“The computer is not the enemy of the book. It is the child of print culture…” (Murray 8)
I find http://nanikistory.org/story.html to be very interesting for displaying in its digital iteration a constellation of influences, and while the site seems to center around one version of the story, in fact there are a number of stories, including not only the art (which ranges from sketches to abstract paintings), but also alternative simultaneous versions of the story (in pdf format, as a streaming audio file, a “characters” pdf (which provides symbolic meanings to the characters) and a “detailed characters” pdf which adds details which literally flesh out the characters—“Muscle segments separate and dissolve, instantly re-appearing as iridescent scale-covered, fluid segments. The pieces flow back together into a human-like figure with beautiful long fins instead of hands and feet.”). There is something about this text which is meant for the digital. This doesn’t mean, however, that it fully realizes all aspects of digital storytelling (a fluid and seamless hypertext which operates in small, perhaps rearrangable parts (the Facebook feed, the tweet, the instagram). The sort of approach which Manovich (as quoted by Page and Thomas) proposes as operating like a database or algorithm rather than narrative (8)). Rather Naniki displays something about narrative which it shares with the digital, but also with older versions of the book.
Many of the authors we read make reference to historical forms of texts which challenge linearity, such as the multiple cross referentiality of the codex, or the ways in which “Joyce’s Ulysses is almost impossible to understand without accompanying pointers to other works, including a map of Dublin” (Murray 56). If we were to consider Naniki as a text consisting solely of pdf and audio forms we mistakenly consider it as a linear uni-directional text. Really, though, we must also consider the website itself as integral to the text. One listens as they peruse the site, looking at photos, clicking on various links. The central story organizes and gives weight to the site, but it’s just one aspect of a “text” which is itself a palimpsest of different media forms, some of which even operate against each other. For instance the “Forums” seems to be an obvious extension of the pedagogical intentions of the website’s author (as represented through “Aims” stated on the site and “Post-story questions” on the pdf version of the story), however the paucity of its use points to ways in which this site is not a blog, or a space for user generated content (however positive the intentions of including the forum may have been). So I think the site is to be taken as a larger text, but not one which prompts reader response the same way Facebook might (though I “like” the site). Rather I think Naniki is to be understood more like Ulysses— The additional materials (I initially wrote supplemental, but that’s incorrect) beyond the pdf and audio texts are important for understanding and contextualizing the broader project.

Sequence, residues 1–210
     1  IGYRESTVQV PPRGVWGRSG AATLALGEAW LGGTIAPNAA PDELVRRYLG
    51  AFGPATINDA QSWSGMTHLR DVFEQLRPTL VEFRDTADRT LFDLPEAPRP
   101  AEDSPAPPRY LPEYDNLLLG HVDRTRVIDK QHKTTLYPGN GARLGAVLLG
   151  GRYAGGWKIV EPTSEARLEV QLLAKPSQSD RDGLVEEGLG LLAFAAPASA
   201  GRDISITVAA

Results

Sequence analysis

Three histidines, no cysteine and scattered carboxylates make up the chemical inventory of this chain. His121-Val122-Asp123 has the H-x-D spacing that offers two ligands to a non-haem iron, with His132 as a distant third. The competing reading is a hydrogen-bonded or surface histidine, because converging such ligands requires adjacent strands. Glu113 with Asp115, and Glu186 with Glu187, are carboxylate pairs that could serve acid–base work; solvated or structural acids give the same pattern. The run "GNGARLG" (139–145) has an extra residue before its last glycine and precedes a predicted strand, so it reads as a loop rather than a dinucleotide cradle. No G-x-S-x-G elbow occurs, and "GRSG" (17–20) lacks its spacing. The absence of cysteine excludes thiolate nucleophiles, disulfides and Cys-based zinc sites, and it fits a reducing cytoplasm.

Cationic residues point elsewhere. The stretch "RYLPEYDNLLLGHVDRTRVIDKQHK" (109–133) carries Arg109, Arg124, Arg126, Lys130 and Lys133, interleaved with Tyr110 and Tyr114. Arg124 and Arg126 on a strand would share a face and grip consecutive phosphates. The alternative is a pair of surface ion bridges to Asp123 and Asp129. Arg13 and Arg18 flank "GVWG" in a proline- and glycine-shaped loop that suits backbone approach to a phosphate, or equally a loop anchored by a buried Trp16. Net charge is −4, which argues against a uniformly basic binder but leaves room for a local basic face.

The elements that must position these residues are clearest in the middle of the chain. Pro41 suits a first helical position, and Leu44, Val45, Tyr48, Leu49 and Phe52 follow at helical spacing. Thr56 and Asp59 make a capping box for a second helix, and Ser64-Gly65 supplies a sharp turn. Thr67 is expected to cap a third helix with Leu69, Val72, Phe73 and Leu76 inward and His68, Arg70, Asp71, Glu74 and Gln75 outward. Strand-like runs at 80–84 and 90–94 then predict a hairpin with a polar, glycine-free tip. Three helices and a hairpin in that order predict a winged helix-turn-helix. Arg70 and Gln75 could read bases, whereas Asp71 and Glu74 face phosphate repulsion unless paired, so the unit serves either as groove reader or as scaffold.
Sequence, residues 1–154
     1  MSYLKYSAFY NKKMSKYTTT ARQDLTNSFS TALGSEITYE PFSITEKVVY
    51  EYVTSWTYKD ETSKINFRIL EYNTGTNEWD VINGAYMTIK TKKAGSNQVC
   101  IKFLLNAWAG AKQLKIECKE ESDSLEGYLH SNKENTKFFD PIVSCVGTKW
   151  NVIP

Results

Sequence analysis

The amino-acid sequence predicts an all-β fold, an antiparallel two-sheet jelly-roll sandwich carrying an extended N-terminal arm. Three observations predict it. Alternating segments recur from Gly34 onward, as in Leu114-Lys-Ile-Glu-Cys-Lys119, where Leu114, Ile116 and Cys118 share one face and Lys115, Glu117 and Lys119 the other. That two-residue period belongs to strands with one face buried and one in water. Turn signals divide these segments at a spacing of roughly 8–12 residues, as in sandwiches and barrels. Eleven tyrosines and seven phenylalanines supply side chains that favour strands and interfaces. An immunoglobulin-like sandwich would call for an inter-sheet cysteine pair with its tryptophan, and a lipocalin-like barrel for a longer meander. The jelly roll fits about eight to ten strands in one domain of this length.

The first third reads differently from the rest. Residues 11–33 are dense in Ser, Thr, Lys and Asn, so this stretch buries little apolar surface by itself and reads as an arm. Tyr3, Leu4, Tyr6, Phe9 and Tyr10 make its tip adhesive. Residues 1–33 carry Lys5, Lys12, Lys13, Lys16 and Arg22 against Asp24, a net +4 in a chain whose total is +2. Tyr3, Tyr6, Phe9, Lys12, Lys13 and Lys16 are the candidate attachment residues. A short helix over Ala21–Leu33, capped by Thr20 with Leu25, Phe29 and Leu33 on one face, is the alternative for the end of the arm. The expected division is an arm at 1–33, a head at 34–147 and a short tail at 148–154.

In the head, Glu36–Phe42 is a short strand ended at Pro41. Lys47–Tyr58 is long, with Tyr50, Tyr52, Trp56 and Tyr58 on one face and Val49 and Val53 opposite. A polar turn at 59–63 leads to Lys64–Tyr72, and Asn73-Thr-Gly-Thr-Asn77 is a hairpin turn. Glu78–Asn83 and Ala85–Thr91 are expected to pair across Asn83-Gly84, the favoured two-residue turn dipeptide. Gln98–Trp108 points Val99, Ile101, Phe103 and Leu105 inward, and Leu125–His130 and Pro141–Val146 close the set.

Page and Thomas claim that “No longer are words so prominent, but graphics and animation are just as likely to communicate story content or be used as part of the interactive interface” (2) and Naniki proves this. It also blurs the distinction between story and discourse, between the rhetorical project and its enactment. It doesn’t embody the multiple cross reference of a codex, like one might find at the back of a textbook, though. Rather, its an example of digital storytelling which invents new models while also drawing on older ones. Some aspects of it are not fully successful, but evolution is always fitful. I think also there is also something of the pdf/audio story itself which partakes of this digital constellation occurring across the site. In other words form and content (site and story) reflect each other. In this way the pdf/audio story itself might be considered digital— because it’s situated within, and reflecting the characteristics of, the broader site.